Now restocked is Cloister Old Style, 36 point. The month saw 34 new listings posted to The Junk Bin—including two fonts of wood type from the above adventure, the first we have ever offered.
Restoration work has begun on the Vandercook No. 4 cylinder press rescued last year from a remote mining town near Death Valley. It will get a complete tear-down and full rebuild just like the previous one, and come out looking (and performing) as if it just left the factory. This press will be available for purchase at completion. If you have interest in possibly reserving it in advance, feel free to contact us. At this point you could even specify what color it will be.
Interviewing continues for hiring a second full-time casterman. We had two serious candidates last month including a young lady who traveled down from Washington state for a three day hands-on introduction to Skyline, but at this point the position is still open. Would you like to become a typefounder?
It’s a twofer! For September we present a brace of new single-element ornamental borders. These two little art nouveau swirligigs are historic—the exact origin/date are unknown, but they make a discreet appearance in the American Type Founders specimen book of 1923. ATF used them chromatically, with the “Open” element overprinted in black on the pale orange “Tint” element. We made a valiant attempt to do the same—but the proof is in the proof, and it just didn’t work. With a minor modification to the label form it became Borders No. 32 & No. 34 together in one package.
A restock of 24pt Schoeffer Old Style begun prior to the pandemic [castus interruptus!] has now been completed and is available for purchase. Likewise Cloister Old Style 36pt, it’s off the caster and will be packaged and in stock within the next few days. We also finally got the various production makeups cast on that darned tricky 36pt Relievo. Customers on the waiting list for that have been notified and it’s once again in stock on the website for purchase. Yep, the gears are turning here again, and it looks like the fierce and relentless heat of summer 2020 is finally abating so we can get back to doing what we do best.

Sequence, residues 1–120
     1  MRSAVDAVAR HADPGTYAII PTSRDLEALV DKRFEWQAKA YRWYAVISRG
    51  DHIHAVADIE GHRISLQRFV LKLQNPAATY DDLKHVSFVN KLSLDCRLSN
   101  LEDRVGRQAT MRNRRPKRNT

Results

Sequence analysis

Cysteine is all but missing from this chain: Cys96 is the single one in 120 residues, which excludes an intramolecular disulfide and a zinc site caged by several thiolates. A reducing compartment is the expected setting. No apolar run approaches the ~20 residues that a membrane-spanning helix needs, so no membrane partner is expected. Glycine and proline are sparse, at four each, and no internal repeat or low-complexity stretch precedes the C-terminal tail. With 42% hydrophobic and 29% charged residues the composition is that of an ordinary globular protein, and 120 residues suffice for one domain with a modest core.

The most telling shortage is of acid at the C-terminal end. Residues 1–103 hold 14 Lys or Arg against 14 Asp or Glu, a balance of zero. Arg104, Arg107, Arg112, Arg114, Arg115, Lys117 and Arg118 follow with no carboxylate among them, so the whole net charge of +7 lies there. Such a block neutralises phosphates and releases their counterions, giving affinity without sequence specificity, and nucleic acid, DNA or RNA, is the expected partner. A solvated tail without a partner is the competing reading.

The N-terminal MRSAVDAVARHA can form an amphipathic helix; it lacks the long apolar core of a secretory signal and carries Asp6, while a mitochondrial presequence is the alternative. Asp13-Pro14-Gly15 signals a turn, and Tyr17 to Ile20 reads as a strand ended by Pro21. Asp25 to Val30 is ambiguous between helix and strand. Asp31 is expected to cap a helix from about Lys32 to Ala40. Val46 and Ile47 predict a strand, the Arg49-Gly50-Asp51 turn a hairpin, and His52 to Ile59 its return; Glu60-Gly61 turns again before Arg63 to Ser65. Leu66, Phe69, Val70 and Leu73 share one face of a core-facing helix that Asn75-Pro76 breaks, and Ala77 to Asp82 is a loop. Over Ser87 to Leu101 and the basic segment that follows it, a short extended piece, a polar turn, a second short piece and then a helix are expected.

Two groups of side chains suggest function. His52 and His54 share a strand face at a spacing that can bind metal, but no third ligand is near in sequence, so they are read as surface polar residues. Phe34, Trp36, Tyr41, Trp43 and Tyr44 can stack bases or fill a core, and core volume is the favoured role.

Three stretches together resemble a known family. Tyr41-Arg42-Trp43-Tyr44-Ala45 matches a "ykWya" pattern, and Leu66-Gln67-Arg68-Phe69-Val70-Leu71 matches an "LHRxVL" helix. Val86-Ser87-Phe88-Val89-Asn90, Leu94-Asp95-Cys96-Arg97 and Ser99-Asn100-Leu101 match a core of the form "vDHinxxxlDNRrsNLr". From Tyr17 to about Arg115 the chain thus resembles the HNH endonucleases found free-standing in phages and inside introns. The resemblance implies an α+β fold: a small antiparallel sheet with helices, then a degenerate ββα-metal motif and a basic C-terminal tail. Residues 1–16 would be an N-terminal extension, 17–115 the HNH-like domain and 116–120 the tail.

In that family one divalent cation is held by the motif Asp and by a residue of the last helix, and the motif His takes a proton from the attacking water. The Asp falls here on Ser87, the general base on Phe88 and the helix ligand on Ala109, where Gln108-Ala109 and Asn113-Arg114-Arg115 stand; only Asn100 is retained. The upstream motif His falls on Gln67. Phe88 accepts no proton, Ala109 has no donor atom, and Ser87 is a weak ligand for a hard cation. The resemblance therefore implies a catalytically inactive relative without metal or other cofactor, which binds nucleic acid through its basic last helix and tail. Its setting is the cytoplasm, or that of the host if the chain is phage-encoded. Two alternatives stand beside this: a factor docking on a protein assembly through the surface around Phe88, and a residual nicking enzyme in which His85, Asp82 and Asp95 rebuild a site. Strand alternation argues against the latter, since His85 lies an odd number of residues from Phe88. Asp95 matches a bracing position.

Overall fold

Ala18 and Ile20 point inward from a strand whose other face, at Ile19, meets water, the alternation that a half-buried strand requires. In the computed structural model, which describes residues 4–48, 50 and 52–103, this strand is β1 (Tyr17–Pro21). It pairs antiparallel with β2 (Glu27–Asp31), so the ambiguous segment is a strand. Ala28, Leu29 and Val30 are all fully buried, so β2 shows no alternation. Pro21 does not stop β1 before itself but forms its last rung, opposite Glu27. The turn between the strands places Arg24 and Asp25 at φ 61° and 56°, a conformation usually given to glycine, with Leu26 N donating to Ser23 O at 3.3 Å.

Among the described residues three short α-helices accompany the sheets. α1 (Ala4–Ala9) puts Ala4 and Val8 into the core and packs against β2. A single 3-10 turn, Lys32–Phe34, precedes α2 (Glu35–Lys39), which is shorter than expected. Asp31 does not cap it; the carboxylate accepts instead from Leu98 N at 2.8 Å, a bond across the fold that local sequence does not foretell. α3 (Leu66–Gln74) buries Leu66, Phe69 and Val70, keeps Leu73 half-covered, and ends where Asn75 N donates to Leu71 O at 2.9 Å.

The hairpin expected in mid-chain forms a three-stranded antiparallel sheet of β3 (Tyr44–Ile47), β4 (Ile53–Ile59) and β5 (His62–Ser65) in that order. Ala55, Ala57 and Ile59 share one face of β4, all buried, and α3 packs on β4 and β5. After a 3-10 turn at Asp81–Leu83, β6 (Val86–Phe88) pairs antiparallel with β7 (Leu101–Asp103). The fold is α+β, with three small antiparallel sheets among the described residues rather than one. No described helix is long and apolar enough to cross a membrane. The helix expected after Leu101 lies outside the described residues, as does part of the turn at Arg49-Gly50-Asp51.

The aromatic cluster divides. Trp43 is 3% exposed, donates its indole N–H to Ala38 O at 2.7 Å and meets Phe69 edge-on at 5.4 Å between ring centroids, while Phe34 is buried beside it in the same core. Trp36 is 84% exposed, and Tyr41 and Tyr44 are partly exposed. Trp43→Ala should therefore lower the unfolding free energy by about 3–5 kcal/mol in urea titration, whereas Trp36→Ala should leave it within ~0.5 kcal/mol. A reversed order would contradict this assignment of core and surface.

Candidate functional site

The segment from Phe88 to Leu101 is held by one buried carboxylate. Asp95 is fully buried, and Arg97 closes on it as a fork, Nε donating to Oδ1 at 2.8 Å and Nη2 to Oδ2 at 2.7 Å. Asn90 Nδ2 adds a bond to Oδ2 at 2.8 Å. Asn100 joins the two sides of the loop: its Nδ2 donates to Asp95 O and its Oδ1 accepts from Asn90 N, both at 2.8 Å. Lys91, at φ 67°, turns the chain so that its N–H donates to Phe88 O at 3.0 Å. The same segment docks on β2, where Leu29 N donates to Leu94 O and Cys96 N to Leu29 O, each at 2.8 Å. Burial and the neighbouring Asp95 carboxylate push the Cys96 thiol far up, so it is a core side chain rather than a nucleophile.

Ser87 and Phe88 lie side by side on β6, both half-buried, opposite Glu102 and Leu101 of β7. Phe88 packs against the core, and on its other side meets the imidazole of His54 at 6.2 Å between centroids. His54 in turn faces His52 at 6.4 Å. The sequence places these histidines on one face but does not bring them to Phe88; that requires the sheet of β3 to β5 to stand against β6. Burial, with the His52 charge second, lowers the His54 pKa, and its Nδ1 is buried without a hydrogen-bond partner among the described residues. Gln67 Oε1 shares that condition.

The Junk Bin saw 44 new postings of used and NOS type in August.
It may be true that all the printers’ fairs are cancelled this year, but we can still celebrate National Letterpress Day. When is that? Why, 9/18 of course! Just like last year, Skyline will offer free US shipping (or $10.00 off int’l) for all orders placed on that date. Listen up, letterpress dudes and dudesses, this is your only notice: coupon code 9/18 will be active on calendar day September 18 only. Plug that into your online Checkout and you get the discount.
Skyline is still seeking to hire a second casterman. For the right person, this is a rare opportunity to learn the craft. For further info see our Help Wanted classified on the Briar Press web site, or just shoot us an email through skylinetype.com. Come join us in this historic endeavor.
No new type projects to announce yet. Our new caster-gal has unfortunately been sidelined with a broken wrist. But there’s always some good news with the bad: sales remain brisk, even better than last year month over month—especially The Junk Bin, where a record 61 new items were posted in July (and some were snarfed up within minutes). The long-planned installation of additional windows and doors in the pressroom is complete and construction has begun for expansion of the foundry building.